I knew I wanted to be a writer in the 4th grade.
My first story (somehow never published) was the 15-page Curse Of The Mummy’s Belly Button. It was a hit with a few of my elementary school classmates in the suburbs of Detroit but no one else. I still take it out and read it every now and then. It’s still terrible. From there, I spent many years punching out short stories and reading books on writing.
And on writers.
My favorites concerned near-crazy characters of spectacular talent who somehow managed to get through life without working; they were paid princely sums for merely pouring out stories in their spare time. My all-time favorite was about the brilliant Terry Southern, who received a $20,000 advance from a book publisher, reportedly locked himself into a plush New York hotel suite for three months with multiple drugs, multiple hookers and many cases of booze, and emerged at the end of the 90 days without a single word written.
Inspirational? Maybe not.
In any case, when I first moved to Hollywood in the late 1970’s, I became aware of a book on writing that was more myth than reality: Writing To Sell, by Scott Meredith. I say ‘myth’ because (although it was considered by many to be the book on writing publishable fiction) it was virtually impossible to find. Written in 1950 by the great agent himself, it went in and out of print on a regular basis and at that time was not available in any bookstore I could find. It had last been published in 1967.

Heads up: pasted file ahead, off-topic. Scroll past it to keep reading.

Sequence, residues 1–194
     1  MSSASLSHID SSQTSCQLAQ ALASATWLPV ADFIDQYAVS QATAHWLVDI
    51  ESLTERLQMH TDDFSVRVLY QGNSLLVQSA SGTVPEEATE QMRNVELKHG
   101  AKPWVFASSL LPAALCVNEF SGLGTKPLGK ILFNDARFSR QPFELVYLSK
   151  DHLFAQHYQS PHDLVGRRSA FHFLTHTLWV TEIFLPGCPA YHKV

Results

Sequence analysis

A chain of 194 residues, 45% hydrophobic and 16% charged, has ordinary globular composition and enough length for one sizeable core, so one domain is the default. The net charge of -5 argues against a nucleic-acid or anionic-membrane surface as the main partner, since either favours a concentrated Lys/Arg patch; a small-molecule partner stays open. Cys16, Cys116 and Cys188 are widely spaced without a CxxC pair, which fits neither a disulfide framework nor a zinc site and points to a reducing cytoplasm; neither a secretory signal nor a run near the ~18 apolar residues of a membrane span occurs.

And, of course, the Internet (and Amazon and Google.com) didn’t yet exist.
The book itself is a masterpiece of simple clarity, a step-by-step guide that surpassed (then and now) any book on writing (and the selling of same). It is, to this day, still revered as the book to get your hands on if you only have time to read one book on turning out salable prose.
A quick trip down the street to the Hollywood Public Library gave me some interesting information, mainly from the research librarian herself. She informed me that her husband had been a literary agent in New York for Scott Meredith and it was common knowledge in that office that the sci-fi genius James Blish had contributed greatly to the book. I didn’t find that surprising, although I’ve found no evidence of it anywhere since.
She checked the card file, then pointed me down the aisle. I could not find it. She walked down to assist me. Surprisingly, and even though it hadn’t been checked out, the book was gone. Stolen, it turned out, by a clearly motivated but unscrupulous would-be writer.
I headed to the library in Glendale. And then to Pasadena. And finally to Encino. And discovered the same thing in every case – Writing To Sell had been stolen from every library. I next got out the phone book (those were the days) and called many local libraries. In each case, I was told the book was in. In each case, when asked to check, the librarian informed me the book was gone.
At that point, I knew I had to have it. Could that many struggling (and thieving) writers be wrong?
A last phone call to the Los Angeles Public Library in a gang-driven section of downtown was finally rewarded with a librarian telling me it was in. And that he had the book in his hand. I asked him to hold it, drove there, checked it out, and then stole it.
Actually, I told them I lost it and paid $16.99 for it. A few years later, a friend borrowed Writing To Sell from me and then claimed he lost it. Right.
I knew he stole it.